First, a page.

View Full Version : DIY ebook reader

Nate the great
12-23-2007, 01:22 PM
Gumstix is a company that makes computers the size of, guess what, a stick of gum. They currently have a kit that comes with a 4.3" LCD. The kit includes:

600 Mhz CPU
USB Host
4.3" LCD touchscreen
Micro SD card slot
3 RS-232 ports
10/100 Ethernet

They don't yet offer a touchscreen, but it does have 3 serial ports available. It shouldn't be hard to add a few buttons, or possibly even a small keyboard.

Edit: Yes it is a touchscreen!

12-23-2007, 01:31 PM
interesting project, anyone ordering a kit?

Nate the great
12-23-2007, 01:43 PM
I'm thinking about it. If the screen was 6" or 7" I'd have already spent the money.

12-23-2007, 03:49 PM
You can be the first mobileraed member to have 9.7" e-ink reader.
Just purchase one of these kits
For mere $4000 you get the kit with an extra large 9.7 inch e-ink diaplay, gumstix computer, and all necessary parts. It even includes the battery. all you need to do is to create a case and load pictures of your pages to memory card for reading ...

12-23-2007, 04:06 PM
a bargain

12-23-2007, 08:16 PM
How cool! Wish I'd studied electrical engineering instead of mechanical engineering so I'd have the skills to make one of these kits. Next life.

Nate the great
12-23-2007, 08:26 PM
I was just looking at their website, and I discovered that the LCD is indeed a touchscreen.

I am so tempted.

12-23-2007, 10:00 PM
US$412 for a DIY reader with an LCD screen smaller than that of the eBw 1150. Too steep for me. But I suppose someone who really likes DIY electronics might have fun with it. Linux is fine... is the chip involved the same as anything else that already runs ebook reader software that we know of? Or would we have to recompile things like FBReader?

I agree, a larger screen could make this more attractive, especially if it could be done without increasing the price. But assuming this is color LCD with its backlighting requirements and associated power costs, this kind of device isn't going to get great battery life.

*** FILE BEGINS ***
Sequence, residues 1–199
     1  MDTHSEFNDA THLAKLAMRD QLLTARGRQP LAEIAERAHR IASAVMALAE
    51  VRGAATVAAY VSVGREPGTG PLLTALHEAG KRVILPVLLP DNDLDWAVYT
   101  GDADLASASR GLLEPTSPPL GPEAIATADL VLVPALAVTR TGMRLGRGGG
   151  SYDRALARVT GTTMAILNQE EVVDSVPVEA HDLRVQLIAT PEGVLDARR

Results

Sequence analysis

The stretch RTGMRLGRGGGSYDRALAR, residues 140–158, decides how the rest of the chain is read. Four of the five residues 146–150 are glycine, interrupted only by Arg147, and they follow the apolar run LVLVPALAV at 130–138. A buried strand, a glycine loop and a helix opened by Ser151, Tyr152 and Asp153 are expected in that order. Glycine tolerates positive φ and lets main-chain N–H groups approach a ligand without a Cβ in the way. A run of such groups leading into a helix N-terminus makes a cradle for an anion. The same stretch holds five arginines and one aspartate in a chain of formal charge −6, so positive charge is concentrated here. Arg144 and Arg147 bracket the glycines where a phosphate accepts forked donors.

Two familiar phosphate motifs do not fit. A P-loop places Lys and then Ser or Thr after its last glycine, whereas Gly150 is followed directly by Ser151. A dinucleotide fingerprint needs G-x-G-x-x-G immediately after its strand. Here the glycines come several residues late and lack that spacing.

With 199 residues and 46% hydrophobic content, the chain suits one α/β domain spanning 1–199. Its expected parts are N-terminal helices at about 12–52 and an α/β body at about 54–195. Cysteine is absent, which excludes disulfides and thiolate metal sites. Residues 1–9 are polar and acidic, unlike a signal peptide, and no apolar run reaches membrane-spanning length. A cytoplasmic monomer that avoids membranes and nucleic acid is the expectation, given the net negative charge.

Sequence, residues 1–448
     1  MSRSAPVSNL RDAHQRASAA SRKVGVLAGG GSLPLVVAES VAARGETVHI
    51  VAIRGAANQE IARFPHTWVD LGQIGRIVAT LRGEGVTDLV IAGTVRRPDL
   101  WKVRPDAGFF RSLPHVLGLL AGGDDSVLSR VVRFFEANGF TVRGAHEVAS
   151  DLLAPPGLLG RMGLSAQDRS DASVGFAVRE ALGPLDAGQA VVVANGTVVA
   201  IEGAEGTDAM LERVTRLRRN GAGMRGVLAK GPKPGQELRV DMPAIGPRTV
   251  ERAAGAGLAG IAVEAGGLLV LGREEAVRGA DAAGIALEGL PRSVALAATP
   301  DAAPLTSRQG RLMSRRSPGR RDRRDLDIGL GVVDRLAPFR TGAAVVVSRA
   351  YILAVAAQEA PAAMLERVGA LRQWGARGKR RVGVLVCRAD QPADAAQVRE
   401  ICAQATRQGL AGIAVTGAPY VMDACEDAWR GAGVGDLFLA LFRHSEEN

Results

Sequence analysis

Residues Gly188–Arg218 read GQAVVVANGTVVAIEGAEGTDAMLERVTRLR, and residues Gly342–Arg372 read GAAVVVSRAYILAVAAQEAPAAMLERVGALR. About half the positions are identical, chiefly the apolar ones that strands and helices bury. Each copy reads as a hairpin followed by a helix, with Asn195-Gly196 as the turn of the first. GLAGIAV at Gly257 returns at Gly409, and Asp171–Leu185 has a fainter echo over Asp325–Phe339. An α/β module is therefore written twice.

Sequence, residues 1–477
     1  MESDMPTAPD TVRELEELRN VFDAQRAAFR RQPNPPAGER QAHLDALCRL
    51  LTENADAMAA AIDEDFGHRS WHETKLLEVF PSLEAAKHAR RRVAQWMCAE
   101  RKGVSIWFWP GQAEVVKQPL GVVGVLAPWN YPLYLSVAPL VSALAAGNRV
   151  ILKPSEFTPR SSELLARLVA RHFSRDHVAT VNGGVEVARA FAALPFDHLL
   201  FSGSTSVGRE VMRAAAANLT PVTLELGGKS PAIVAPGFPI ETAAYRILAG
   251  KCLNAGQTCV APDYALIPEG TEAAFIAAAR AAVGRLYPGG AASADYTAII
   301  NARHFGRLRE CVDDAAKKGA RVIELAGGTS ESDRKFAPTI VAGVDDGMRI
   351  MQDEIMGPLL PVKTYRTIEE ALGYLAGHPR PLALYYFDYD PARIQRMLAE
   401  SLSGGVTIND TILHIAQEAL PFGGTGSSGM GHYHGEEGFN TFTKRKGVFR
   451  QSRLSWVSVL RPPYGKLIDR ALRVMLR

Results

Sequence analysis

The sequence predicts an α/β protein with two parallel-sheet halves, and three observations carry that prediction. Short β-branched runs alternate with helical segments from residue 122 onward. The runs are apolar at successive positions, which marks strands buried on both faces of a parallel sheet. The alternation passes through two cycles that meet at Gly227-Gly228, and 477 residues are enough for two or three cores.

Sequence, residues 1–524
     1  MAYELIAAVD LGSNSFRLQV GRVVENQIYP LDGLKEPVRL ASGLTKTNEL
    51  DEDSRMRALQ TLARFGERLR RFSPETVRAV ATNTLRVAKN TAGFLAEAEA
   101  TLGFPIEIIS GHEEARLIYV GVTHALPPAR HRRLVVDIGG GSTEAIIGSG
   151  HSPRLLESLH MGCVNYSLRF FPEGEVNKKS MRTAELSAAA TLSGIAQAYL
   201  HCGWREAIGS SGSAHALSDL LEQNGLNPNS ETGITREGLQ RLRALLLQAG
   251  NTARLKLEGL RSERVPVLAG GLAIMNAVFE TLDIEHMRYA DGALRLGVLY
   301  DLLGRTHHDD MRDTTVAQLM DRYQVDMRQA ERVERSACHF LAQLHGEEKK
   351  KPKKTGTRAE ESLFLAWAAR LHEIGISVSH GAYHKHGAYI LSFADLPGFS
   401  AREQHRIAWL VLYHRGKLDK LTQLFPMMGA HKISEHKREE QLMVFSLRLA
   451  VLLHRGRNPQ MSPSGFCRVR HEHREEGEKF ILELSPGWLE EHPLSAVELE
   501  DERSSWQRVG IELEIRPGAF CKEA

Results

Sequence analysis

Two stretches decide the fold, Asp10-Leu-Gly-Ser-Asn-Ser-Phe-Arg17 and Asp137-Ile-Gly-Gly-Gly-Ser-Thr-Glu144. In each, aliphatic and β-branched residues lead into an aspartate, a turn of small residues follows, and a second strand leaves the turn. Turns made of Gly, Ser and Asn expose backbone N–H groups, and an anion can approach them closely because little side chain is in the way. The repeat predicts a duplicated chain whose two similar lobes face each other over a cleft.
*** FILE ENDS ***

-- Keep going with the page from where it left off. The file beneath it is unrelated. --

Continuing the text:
As a mini sketchpad it might be interesting, but I suspect that's a touch sensitive, not pressure sensitive screen, and there isn't enough memory to run much in the way of graphics software.

Odd little project.

Nate the great
12-23-2007, 10:34 PM
A slightly less capable kit can be put together for $333 by dropping the cables and going down a step for the CPU.

But, yes, I want a bigger screen.

12-24-2007, 12:13 AM
I bigger screen would be nice, what would you use to make a case?

12-24-2007, 11:30 AM
I'd make a nice one out of wood. :)

02-17-2008, 03:34 PM
ya know you could buy an Eee PC then fabricate a case yourself. It has a larger screen and you can put a touchscreen overlay on it, maybe even a Wacom overlay?

Looking at the kit, I was wondering are the touch screen drivers for your OS and how will you handle user input? Maybe a small built-in keyboard? Bluetooth key board? But ya have to be able to get text input somehow.

I think this might be a FUN project. You could even begin with an Eee PC and see if you could fabricate a case by removing the keyboard and putting either just flipping the display & bezel around and lay it on top somehow. Or even if the display might fit where the keyboard is now...a custom bezel could be built from just plexi or other sheet material.

Heck you could make a plaster mold of a case you like then mix up an resin material yourself. You could even smelt your own case or have a case milled from the metal of your choice. Geeze the possibilities are numerous! I might have a new summer pro-ject...after I finish the kitchen remodel of course. Heck, I am gonna need six-months of doing nothing just to recover from that! ;) It might be pretty spendy but who cares. When I was a kid I helped a buddy of mine and his dad build a Heath Kit TV. THAT was a blast.

OOPS, I forgot to add here is a video of a guy installing a touch screen overlay on an Eee PC:

Interesting stuff.

02-19-2008, 01:34 PM
I don't know as there are Wacom overlays, are there?

02-19-2008, 06:36 PM
I don't know as there are Wacom overlays, are there?

From my (admittedly limited) understanding of how they work, they actually go behind the screen, not over the top.

02-20-2008, 11:56 AM
From my (admittedly limited) understanding of how they work, they actually go behind the screen, not over the top.
That's what I thought, too.